The new information was aired during a meeting held Tuesday between local public officials and representatives from several Muslim organizations.
“On one occasion, a Somali woman was forced to pour milk over herself in order to symbolize that she should be white,” said Rashid Musa of the Muslimska mänskliga rättighetskommittén (‘Muslim human rights committee’) to Sveriges Television (SVT).
Others at the meeting described people having rocks thrown at local Somalis, girls who had their head scarves torn from their heads, and other Somali women who were spat upon.
Many participants explained that there was no point in reporting the incidents to police, echoing earlier complaints that police in Forserum have done too little or ignored reported incidents completely.
However, local police officer Anders Ydreborg said that language difficulties may be to blame for the lack of formal police reports from Somalis who have been harassed.
“There’s no intention from any individual decision maker, whether it be an officer or civilian employee, to refuse to accept a complaint,” he told SVT.
The meeting took place following a number of reports in the national media last week detailing widespread harassment of Forserum’s Somali community.
According to SVT, the number of Somalis living in the community, located near Jönköping, has dropped from 160 to 95 in the last year as a result of constant racist threats and taunts.
Following the initial reports, local politician and council member Anders Karlsson of the Centre Party argued that incidents were attributable to a local gang of young people, rather than being an indication of any underlying problem of racism.
The reaction prompted criticism from integration minister Erik Ullenhag on Tuesday, who expressed his disdain for any attempt to belittle the incidents by laying blame on an isolated group of young people.
“It bothers me when local leaders have downplayed what has happened,” he told the TT news agency.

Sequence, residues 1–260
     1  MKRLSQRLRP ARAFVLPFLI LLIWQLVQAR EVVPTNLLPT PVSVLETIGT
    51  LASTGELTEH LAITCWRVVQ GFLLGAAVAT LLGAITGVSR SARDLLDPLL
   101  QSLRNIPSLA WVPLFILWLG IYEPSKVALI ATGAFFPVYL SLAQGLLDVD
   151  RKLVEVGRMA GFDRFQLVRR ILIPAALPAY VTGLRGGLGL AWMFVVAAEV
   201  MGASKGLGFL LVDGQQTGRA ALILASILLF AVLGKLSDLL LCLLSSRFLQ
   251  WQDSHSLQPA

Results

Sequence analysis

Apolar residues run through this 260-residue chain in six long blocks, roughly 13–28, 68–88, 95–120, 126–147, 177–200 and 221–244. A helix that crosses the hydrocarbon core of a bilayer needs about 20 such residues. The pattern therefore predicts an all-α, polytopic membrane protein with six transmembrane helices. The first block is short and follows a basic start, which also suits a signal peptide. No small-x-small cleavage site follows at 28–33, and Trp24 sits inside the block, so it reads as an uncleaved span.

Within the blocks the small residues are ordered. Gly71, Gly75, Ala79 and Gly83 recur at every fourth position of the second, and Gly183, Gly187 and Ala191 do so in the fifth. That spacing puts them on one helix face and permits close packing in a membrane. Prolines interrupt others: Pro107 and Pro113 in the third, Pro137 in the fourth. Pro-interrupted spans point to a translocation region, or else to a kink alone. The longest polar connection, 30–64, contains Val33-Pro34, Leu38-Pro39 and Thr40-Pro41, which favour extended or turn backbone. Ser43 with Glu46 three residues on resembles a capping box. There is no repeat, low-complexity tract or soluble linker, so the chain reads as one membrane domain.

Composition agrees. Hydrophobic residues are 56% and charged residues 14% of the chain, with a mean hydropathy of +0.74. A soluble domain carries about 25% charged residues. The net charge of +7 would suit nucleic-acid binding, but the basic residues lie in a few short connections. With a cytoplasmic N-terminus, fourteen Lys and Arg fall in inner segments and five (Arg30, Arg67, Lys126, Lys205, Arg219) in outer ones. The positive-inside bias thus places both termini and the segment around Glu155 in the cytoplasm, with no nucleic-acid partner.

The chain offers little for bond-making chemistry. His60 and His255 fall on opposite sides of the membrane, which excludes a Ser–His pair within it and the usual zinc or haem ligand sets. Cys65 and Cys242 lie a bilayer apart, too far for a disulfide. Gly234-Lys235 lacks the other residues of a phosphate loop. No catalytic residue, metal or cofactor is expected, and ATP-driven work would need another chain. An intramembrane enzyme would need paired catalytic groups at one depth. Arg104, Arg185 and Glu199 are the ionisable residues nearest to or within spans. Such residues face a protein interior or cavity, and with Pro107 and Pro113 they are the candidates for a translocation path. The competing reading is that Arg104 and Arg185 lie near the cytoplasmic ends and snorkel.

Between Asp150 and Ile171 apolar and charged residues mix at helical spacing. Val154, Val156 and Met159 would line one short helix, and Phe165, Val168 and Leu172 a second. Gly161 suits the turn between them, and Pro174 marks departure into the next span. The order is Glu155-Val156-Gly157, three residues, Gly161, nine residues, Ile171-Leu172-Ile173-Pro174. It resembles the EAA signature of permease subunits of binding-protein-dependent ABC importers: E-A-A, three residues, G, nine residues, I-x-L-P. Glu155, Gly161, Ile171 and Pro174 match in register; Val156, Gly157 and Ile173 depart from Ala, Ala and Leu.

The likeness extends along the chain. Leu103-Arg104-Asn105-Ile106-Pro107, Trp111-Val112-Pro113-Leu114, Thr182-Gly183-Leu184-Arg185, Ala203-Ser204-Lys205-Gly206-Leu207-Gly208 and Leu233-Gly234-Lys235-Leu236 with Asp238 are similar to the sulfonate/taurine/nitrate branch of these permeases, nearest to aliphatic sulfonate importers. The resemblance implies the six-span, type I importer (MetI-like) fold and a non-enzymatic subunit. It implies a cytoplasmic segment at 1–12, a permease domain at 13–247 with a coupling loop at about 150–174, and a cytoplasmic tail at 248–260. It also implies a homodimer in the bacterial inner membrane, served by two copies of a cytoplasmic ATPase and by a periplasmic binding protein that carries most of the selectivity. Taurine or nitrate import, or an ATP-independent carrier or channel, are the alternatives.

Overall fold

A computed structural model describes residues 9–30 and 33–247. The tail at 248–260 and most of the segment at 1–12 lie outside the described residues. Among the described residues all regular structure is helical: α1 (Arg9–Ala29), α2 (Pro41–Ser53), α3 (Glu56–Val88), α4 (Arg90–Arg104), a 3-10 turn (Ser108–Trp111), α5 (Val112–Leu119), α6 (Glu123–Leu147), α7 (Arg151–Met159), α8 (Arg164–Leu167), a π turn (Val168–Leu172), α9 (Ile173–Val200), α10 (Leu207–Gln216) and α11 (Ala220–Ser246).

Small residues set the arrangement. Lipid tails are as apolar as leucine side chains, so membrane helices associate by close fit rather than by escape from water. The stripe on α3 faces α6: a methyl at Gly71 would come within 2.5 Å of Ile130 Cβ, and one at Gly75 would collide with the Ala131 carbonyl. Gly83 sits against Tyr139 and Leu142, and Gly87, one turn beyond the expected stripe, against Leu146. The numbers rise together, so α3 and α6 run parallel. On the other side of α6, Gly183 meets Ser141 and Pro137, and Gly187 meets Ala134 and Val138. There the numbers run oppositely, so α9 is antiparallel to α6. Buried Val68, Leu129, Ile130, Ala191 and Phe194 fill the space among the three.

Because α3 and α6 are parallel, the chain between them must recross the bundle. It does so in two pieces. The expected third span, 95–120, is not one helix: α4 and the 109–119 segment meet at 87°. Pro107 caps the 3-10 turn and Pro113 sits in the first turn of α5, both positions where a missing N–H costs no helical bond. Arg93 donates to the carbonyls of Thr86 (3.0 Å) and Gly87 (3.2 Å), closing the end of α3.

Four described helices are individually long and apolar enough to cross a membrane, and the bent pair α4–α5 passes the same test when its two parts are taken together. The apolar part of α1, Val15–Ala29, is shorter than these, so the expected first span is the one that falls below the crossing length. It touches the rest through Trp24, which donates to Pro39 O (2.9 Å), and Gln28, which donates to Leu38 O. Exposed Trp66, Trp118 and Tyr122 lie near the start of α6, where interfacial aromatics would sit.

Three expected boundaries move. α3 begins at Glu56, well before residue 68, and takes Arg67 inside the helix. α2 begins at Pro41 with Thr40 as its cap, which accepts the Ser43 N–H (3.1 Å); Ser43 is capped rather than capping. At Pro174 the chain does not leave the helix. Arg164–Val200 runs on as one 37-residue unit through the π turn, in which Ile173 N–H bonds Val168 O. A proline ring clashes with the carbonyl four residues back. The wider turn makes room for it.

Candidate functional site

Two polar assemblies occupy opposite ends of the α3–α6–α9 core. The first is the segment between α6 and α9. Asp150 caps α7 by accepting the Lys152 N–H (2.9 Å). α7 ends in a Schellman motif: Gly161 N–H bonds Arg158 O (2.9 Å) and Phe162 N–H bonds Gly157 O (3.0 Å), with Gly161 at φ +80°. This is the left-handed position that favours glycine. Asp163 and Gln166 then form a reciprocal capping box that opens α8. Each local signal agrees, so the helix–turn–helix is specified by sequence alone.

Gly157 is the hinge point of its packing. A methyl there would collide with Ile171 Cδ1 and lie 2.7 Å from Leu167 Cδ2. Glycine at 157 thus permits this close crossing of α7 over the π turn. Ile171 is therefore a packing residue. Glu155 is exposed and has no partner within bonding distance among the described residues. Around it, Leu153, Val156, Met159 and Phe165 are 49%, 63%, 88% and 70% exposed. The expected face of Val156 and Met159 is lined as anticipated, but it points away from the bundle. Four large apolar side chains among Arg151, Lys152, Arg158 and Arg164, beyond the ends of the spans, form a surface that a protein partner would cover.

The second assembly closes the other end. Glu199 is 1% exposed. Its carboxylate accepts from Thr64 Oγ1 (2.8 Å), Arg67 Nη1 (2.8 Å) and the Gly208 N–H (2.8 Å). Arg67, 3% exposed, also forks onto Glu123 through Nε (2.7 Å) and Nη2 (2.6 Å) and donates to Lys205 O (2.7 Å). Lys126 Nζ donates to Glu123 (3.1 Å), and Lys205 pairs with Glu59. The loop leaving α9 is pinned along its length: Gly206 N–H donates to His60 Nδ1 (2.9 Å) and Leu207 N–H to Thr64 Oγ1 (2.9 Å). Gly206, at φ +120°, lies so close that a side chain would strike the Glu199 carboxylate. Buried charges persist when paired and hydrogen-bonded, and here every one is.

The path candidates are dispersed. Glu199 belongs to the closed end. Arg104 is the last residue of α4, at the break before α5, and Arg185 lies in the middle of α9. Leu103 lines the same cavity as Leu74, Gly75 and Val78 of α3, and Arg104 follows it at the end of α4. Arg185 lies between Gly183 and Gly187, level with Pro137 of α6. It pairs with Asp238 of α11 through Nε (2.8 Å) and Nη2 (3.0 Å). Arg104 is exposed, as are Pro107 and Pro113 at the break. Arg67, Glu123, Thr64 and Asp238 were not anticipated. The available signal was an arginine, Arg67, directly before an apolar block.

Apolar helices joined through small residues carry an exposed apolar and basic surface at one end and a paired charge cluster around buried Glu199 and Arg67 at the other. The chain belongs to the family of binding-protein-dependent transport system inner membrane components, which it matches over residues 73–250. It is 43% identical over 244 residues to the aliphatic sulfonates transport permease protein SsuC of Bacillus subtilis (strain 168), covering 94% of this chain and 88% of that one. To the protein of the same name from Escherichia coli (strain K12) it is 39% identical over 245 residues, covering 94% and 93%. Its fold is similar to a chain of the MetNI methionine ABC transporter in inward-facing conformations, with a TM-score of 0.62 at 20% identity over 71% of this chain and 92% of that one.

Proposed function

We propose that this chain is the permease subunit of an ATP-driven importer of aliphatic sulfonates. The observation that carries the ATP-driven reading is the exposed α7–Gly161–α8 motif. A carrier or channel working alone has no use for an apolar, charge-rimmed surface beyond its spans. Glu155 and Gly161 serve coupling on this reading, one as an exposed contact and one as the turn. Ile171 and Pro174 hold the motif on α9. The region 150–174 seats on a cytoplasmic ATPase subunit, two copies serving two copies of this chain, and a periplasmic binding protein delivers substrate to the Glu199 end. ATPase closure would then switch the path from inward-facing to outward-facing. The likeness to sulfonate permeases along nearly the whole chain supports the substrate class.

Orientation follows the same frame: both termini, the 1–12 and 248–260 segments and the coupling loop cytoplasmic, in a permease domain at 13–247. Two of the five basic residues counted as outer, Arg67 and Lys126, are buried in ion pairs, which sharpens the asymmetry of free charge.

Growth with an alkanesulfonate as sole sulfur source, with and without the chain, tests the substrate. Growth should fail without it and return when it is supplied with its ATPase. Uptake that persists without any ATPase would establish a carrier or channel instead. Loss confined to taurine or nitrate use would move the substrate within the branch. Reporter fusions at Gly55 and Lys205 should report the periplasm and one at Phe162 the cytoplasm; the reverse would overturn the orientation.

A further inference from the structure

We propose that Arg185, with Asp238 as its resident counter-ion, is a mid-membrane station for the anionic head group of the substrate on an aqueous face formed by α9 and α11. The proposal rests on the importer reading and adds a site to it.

He explained that communities must instead stand up against racism and xenophobia, as many Forserum residents did last weekend by organizing a torchlight parade which saw hundreds of residents demonstrate on Friday night in support of the area’s Somali community.
Zakaria Zouhir, chair of the Stockholm chapter of the Afro-Swedish Association (Afrosvenskarna i Stockholm) compared the reaction to the problems in Forserum to how other past high-profile instances of racism in Sweden have been handled in explaining why he planned to attend Tuesday’s meeting.
“We pointed to racism at the slave auction at Lund University and were told it was simply some students clowning around. We criticized the culture minister for participating in a racist cake installation at Moderna Museet and got a lesson on freedom of speech,” he told SVT.
“And even now we’re hearing voices that this isn’t about racism and therefore we’re choosing to go to Forserum so that the whole country and the world at large can feel the terror what these Afro-Swedes have lived with in recent years.”
Following Tuesday’s meetings with representatives from several Muslim groups, Karlsson admitted he had a new understanding of the depth of the problem.
“The overall picture is that we obviously see this as racism and have racism in our community,” he told SVT.
Ullenhag added that the government is continuing to look at what more it can do to help small communities like Forserum, which has about 2,000 residents, address the challenges that come with an influx of refugees.
“When a small municipality, or community like Forserum, receives a large number of refugees in a short time in relation to the size of the local population, we from the side of the state need to think about what is our responsibility,” he told TT.